Even in my morning preschool class, the sun warms our backs as we play and learn outside, and after having been put away for the winter, my preschoolers were very excited to see the reappearance of our water table and quickly anticipated new water table activities. Full of green water beads, this scooping and pouring water bin was the perfect way to welcome the warming weather.
Scooping and Pouring Sensory Bin with Water Beads
Water play is so inviting to children. I’ve never met a preschooler who could resist even the most simple water bin. This bin was pretty darn simple, but the developmental practice that took places sometimes difficult to replicate in other activities.
Like other sensory bins, this water sensory bin is good for children in three ways:
- It can encourage language development.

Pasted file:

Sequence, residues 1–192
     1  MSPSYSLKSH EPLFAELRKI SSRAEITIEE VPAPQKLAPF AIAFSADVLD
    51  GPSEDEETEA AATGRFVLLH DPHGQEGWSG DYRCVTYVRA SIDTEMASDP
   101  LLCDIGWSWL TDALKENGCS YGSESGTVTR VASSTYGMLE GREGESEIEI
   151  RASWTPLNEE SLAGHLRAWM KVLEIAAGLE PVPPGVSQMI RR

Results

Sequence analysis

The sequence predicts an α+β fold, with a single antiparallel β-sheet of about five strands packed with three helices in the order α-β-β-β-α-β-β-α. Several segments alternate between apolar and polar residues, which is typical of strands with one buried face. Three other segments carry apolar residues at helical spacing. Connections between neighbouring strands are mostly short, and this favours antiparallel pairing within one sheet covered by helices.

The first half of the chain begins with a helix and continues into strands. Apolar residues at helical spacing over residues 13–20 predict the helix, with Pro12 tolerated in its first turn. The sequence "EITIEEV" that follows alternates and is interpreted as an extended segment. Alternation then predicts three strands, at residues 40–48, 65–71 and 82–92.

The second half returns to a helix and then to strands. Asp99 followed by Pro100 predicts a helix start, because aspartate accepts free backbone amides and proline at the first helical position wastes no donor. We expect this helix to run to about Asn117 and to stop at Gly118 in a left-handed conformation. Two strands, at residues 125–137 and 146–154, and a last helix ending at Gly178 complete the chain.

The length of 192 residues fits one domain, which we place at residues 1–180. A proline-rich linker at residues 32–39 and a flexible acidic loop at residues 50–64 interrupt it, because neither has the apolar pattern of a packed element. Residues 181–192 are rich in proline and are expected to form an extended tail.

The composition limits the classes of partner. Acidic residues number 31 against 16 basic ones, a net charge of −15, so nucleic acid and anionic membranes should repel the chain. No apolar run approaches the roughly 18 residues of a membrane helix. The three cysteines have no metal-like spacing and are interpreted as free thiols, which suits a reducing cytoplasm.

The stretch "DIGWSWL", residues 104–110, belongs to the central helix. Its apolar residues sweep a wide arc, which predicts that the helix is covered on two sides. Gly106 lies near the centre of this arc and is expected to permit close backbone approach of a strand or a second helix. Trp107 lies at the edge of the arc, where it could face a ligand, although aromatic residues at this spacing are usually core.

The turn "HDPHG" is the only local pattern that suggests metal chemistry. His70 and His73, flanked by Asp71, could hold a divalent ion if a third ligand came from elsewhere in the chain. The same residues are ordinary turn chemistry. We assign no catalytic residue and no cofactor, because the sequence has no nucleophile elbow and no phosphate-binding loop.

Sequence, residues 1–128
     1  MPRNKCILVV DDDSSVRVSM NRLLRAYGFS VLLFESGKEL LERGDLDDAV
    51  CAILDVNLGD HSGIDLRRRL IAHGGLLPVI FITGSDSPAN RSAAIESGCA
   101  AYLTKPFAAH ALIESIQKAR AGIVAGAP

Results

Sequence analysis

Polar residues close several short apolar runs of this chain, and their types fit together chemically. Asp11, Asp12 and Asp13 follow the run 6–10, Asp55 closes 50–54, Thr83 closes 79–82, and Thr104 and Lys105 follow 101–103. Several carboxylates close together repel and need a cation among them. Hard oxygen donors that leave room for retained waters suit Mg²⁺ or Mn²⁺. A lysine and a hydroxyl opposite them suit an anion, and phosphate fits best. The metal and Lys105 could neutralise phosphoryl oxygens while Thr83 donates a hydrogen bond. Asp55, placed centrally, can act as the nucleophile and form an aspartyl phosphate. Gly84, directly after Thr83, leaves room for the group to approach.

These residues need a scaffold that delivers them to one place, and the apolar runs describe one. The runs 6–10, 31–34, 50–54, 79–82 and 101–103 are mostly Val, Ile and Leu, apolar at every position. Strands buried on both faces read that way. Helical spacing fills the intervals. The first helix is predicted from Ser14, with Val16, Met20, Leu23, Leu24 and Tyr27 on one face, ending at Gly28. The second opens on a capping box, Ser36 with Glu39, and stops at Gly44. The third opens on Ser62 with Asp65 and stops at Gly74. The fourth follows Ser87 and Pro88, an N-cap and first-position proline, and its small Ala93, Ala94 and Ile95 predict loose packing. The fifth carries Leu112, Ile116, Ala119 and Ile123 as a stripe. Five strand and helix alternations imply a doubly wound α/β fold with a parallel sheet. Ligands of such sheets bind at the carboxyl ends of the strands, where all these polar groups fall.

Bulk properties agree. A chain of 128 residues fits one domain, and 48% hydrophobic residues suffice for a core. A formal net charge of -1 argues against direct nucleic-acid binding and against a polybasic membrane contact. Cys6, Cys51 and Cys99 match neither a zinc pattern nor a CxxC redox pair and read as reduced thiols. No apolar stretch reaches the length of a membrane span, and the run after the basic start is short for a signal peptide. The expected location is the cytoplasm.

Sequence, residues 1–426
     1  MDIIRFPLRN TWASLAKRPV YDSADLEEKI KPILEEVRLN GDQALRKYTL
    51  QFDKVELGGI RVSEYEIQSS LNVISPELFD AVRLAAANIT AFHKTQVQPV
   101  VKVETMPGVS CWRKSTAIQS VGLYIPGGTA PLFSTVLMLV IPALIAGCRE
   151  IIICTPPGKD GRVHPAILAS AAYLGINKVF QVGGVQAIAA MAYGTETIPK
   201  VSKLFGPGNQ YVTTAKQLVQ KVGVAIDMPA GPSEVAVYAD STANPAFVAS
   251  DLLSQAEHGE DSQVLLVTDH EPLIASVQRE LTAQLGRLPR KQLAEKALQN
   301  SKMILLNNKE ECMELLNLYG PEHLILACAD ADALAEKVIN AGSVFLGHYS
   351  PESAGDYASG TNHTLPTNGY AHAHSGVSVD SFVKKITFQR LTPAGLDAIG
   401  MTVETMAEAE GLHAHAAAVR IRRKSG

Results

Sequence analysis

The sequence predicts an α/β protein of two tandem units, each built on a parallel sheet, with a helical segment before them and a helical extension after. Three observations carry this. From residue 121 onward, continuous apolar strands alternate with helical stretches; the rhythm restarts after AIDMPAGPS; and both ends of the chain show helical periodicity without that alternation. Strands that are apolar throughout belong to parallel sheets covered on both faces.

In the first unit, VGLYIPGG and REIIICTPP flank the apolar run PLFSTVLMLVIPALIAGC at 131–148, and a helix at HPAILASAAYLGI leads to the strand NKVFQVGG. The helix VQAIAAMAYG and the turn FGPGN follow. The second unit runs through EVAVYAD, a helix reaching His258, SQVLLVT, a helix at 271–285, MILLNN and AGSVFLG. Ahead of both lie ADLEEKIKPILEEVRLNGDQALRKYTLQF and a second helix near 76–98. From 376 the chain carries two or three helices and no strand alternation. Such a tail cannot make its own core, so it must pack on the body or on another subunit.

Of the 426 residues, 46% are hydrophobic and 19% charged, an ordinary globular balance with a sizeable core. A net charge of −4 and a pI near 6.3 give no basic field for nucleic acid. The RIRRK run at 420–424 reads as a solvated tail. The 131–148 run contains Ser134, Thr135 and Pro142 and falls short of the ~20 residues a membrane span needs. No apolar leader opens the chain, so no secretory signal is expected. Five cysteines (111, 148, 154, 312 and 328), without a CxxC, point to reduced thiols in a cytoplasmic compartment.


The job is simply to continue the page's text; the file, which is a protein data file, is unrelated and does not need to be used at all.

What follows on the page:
- It helps develop improve fine motor skills related to life skills.
- It can be calming to an anxious child.
In addition to the above, this sensory play encouraged a lot of scientific exploration as well. Toddlers and preschoolers both benefit from simple science activities. I didn’t intend for this to end up a science activity for my preschoolers, but when they started making important observations about buoyancy and density, I had to run with it.
FAQ About Scooping and Pouring Activities
One of the reasons a simple water bead activity like this one is so successful is because of the benefits of scooping and pouring. Here are some commonly asked questions I get from my readers about how to incorporate more scooping and pouring activities for kids.
Parents often wonder if their child is on track developing appropriate practical life skills. Here are some life skills your preschooler should be working on.